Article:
I am proud to announce the launch of a major new initiative that I have been working on with a few partners. The formal announcement will come later this week, but I wanted to give a preview to my readers because I am so excited about it.
Today, we are soft-launching the new Washington Times Communities. This is a new social journalist network tied into The Washington Times.
Along with partners Jacquie Kubin and Joe Szadkowski, we have been working furiously for the past months to get this in shape.
My role was to help design the management structure for this new network and to add in what I know about social networking and blogging from my experience with various other initiatives. I am also taking part in the day-to-day management of the Communities.
What It Is
We think that we have developed something that is somewhat unique among these kinds of things. Many newspapers have “community blog” sections. (In fact, the The Washington Times had one, which this new initiative replaces.) These can have widely varying content quality, widely varying updating schedules, and are typically hidden from view and separate from the rest of the newspaper’s online space.
The fundamental problem for many news organizations is that these things are hard to manage and it’s hard to know what kind of quality you’re getting.
We have created a structure which we think makes the Washington Times Communities “manageable” from an organizational perspective while at the same time open enough to make it a real blog network. At the same time, we’ve organized it so that, from a reader’s perspective, it should be easy to find what you are looking for.
There are really six Communities:
- Entertain Us (entertainment)
- Family Today (parenting and families)
- Life’s Online (lifestyle)
- Overtime (sports)
- Public Good (public life and community benefit)
- The Loop (politics)
Each of these communities is led by a “mayor” who essentially curates the content for each community. Within each Community, there are between five and ten (for now) “neighborhoods.” Each of these Neighborhoods is a blog, with one author responsible for the content.
So we’ve created a hierarchy, where each of the community “mayors” is acting like the editor of a newspaper section or magazine, with each author having a specific “neighborhood” beat.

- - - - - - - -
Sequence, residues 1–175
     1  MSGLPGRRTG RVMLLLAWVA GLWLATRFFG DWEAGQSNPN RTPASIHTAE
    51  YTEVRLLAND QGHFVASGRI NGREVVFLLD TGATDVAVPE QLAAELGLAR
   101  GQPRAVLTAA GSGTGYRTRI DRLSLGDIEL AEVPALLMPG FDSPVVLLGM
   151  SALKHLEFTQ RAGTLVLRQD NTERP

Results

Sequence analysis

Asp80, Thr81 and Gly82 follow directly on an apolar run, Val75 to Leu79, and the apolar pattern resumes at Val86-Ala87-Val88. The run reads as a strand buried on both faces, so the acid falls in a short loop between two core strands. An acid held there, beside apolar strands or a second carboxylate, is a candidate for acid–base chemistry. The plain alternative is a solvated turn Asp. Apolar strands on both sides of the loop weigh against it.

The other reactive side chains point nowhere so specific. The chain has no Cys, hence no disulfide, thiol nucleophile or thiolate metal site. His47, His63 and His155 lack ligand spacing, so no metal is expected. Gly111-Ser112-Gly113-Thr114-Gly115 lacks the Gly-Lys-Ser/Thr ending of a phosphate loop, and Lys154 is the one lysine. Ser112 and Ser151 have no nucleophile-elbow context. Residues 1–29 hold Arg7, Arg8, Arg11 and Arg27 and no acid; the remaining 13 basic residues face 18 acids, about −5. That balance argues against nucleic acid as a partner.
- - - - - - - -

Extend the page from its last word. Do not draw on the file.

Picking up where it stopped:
It’s all volunteer, we are not staff for the paper.
While we don’t claim that this is a revolutionary idea (after all, it’s a blog network, nothing earth-shaking), we do think it’s an innovation in how to approach something like this. There are a few things that make this different, in my view:
- There is direct involvement with senior management at the paper. The paper’s senior managers take a personal interest in this, all the way to the top.
- There is a direct tie to the regular online space of the paper. Content from the Communities will be featured on the main page of the Times. This means that there is a greater chance for the community content to be seen by the many millions of unique visitors to the Times’ front page per day.
- The writers are handpicked. People have to be invited to take part as an author. We chose participants keeping in mind both quality of their work, potential for growth, and willingness to devote the energy it takes to promote the Communities through social networks.
- There is support at every level. Individual authors are supported, mayors are supported by management. Authors support one another.
- There is ongoing innovation. The initiative is committed to iterating and learning at a rapid pace so we can best improve it.
- There is a constant stream of content. Every author is committing to a certain number of posts per week, so there will always be something new coming from the Communities.
I sincerely hope you will take a look, poke around, comment on a few articles, and give your feedback.
Like other blog networks, viral word of mouth will be key. You can help this initiative out immensely by sharing any articles you find interesting and by spreading the word. The Times management will be watching this closely and we want it to succeed!
Public Good, A New Online Space
There’s another aspect of this new initiative that I am very excited about. You might have noticed above that there’s a Community called “Public Good.” I am in charge of that, and it’s an online space devoted to examining various takes on public life and community today.
I have brought together a terrific portfolio of authors, each who is writing their own blog that takes a different perspective.
These are the “neighborhoods” in Public Good:
- Dispatches From The Heartland, by John Creighton: Community life and leadership lessons
- Faith: The Flip Side, by Allison Addicott: How faith and politics intersect around the globe
- Making Change, by Donna Rae Scheffert: About people who are getting involved in helping others and making a difference
- Public Square Today, by Brad Rourke: What’s happening in public life — and why it matters (this is my column)
- Teaming Up For Success, by Carla Ledbetter: People celebrating good things that happen through successful teamwork
- Truth Be Told, by Carla Harper: Thinking a little deeper about our lives, our country and our values
- Went West, by Sutton Stokes: A transplanted easterner reflects on culture, politics, and the pursuit of happiness from his new vantage point in the Rocky Mountain West
- Young, Willing and Able, by Angela Hopp: Emerging leaders accomplishing great things
As you can see, this is a varied group!
I know that many of my readers are deeply concerned with public life and thought leaders when it comes to many different aspects of it. I hope that you will get in touch to talk about ways that I might include your perspectives, perhaps by showcasing some of your work or through an interview or podcast, or through a guest post.